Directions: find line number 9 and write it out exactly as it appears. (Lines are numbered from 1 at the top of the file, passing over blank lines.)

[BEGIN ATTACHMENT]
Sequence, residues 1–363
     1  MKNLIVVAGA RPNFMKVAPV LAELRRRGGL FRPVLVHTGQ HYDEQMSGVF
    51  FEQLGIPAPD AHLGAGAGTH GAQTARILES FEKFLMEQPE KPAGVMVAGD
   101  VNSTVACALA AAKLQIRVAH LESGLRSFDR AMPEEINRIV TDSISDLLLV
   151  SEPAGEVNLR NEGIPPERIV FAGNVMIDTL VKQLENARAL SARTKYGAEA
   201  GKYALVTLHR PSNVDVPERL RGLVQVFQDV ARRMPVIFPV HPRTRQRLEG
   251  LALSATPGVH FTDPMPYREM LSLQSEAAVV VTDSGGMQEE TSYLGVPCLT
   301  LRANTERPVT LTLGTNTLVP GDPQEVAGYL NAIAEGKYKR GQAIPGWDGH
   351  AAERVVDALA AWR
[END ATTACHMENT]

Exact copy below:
   351  AAERVVDALA AWR